Therapy using immune system cells preserves vision in mice implanted with rare eye cancer

UNC Lineberger Comprehensive Cancer Center | 10-12-2020
Funduscopic finding of a retinoblastoma. Credit: CC BY 2.5 – Tero Kivelä – Meilahti Hospital, Department of Ophthalmology (crop of original

A treatment that uses immune system T cells, combined with an immune-boosting drug packaged in an injectable gel, was found to preserve the vision of mice implanted with tissue from a human eye cancer known as retinoblastoma. The cancer is treatable in the early stages but can still lead to the loss of vision in about 5% of cases.

The research findings from scientists at the University of North Carolina Lineberger Comprehensive Cancer Center were published in Nature Cancer on Oct. 12, 2020.

Retinoblastoma is primarily diagnosed in infants and young children. It is considered rare, with approximately 200-300 children diagnosed with the cancer each year in the U.S. Current treatments for retinoblastoma use cold, heat, chemotherapy, lasers or radiation but vision loss still occurs, so the UNC researchers wanted to search for methods that could preserve vision.

“Based on our mouse study and the existence of an active cell immunotherapy program at UNC Lineberger, along with infrastructure for generation of CAR-Ts for clinical use, we feel confident that our efforts could be translated into a phase I clinical study in people,” said Zongchao Han, MD, PhD, an associate professor in the UNC School of Medicine and UNC Eshelman School of Pharmacy and a UNC Lineberger member.

The researchers used an incremental process to determine the best method for treatment of retinoblastoma. First, the researchers turned to chimeric antigen receptor-T (CAR-T) cell therapy, a type of immunotherapy where T cells that comprise the immune system are modified in the laboratory to express chimeric antigen receptors, CARs, that target surface proteins on cancer cells. In a lab test, they found that a molecule, GD2, is expressed in retinoblastoma but the possibility to target this molecule to safely eliminate the tumor in the eye was unknown.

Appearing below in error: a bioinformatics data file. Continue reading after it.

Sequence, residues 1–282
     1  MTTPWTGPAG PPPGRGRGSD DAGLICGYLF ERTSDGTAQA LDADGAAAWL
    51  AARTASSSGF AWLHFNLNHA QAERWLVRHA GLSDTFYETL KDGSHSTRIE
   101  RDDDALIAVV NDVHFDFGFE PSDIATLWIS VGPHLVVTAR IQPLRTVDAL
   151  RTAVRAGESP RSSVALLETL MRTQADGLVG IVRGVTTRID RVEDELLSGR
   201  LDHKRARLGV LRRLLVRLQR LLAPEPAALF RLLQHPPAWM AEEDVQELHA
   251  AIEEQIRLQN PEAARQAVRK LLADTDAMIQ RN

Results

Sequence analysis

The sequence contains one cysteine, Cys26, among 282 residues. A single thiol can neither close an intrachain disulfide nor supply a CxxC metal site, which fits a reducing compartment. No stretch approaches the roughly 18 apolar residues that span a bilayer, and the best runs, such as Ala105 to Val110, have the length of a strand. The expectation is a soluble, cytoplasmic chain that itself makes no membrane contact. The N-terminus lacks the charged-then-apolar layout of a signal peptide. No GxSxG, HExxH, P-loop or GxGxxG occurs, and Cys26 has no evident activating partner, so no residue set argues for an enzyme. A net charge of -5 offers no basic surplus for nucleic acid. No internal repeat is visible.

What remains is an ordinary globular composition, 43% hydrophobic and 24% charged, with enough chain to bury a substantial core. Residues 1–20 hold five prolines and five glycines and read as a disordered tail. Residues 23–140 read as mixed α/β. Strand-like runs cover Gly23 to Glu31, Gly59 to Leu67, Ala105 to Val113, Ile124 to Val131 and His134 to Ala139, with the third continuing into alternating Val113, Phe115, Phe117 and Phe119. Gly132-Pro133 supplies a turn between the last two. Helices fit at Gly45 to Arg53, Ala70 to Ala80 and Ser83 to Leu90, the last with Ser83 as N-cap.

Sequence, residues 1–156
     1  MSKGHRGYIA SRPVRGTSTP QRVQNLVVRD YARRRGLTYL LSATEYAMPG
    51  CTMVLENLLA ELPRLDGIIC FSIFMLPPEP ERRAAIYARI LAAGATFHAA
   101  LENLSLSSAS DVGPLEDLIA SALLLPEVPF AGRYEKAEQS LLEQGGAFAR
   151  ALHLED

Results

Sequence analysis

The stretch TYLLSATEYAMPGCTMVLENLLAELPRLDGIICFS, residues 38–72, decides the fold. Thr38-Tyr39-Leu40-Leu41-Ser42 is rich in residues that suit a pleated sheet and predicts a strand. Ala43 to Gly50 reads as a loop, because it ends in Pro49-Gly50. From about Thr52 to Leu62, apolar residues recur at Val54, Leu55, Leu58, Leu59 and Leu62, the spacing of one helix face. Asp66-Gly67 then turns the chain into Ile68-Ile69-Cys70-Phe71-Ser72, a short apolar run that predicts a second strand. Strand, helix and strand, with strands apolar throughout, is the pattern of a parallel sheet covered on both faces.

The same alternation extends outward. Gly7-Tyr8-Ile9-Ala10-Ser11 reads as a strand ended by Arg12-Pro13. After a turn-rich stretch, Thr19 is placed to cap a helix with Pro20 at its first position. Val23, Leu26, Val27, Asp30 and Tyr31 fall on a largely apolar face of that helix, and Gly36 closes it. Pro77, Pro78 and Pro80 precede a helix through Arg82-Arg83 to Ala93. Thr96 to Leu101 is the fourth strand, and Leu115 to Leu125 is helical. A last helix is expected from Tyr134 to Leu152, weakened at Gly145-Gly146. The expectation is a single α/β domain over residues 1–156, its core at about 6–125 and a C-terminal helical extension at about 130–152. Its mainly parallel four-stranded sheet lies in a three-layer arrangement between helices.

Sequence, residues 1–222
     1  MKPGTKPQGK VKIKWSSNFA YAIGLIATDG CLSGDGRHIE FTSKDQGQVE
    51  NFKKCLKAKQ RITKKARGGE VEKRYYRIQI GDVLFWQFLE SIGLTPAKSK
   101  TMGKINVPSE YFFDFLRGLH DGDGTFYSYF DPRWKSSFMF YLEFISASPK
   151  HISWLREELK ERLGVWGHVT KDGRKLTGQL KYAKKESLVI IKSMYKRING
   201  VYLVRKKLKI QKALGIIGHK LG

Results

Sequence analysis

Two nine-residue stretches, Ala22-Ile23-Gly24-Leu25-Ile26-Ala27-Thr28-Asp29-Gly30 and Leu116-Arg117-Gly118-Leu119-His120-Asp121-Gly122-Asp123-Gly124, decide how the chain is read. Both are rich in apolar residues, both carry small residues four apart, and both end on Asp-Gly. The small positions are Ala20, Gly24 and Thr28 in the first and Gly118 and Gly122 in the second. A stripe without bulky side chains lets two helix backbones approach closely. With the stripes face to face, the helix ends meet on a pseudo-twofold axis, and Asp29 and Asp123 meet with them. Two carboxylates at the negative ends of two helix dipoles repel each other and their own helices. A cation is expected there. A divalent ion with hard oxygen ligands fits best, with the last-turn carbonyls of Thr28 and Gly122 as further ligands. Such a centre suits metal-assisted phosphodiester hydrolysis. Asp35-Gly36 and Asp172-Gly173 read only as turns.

Next, to test the safety and benefit of targeting GD2, the investigators injected the CAR-T that recognizes this molecule into the retina of mice implanted with retinoblastoma cancer cells and found the therapy delayed tumor development but did not eradicate the tumor. Then they combined the CAR-Ts with interleukin (IL)-15, a protein that can boost immune response, and found that 60% of mice were tumor-free for up to 70 days.

Finally, they injected a water-based gel containing the CAR-Ts and IL-15 into the retinas of the mice. The CAR-Ts and IL-15 retained an extended ability to attack the cancer cells, control tumor growth and prevent tumor recurrence. They corroborated the lack of tumor growth with several imaging exams of the retina.

This gel-encapsulated therapy is currently being tested in clinical trials in children with neuroblastoma, an embryonal tumor that can progress rapidly and has some of the same genetic characteristics of retinoblastoma.

“We are always looking to improve the lives of children at Lineberger,” said Barbara Savoldo, MD, PHD, professor of pediatric Hematology/Oncology at UNC School of Medicine and UNC Lineberger member. “Therefore, we hope to look at the safety of gel injection in a clinical trial of retinoblastoma in children, and if that proves safe, we could move on to see if our methodology can reduce or eliminate these tumors.”


Materials provided by the UNC Lineberger Comprehensive Cancer Center. Content may be edited for clarity, style, and length.


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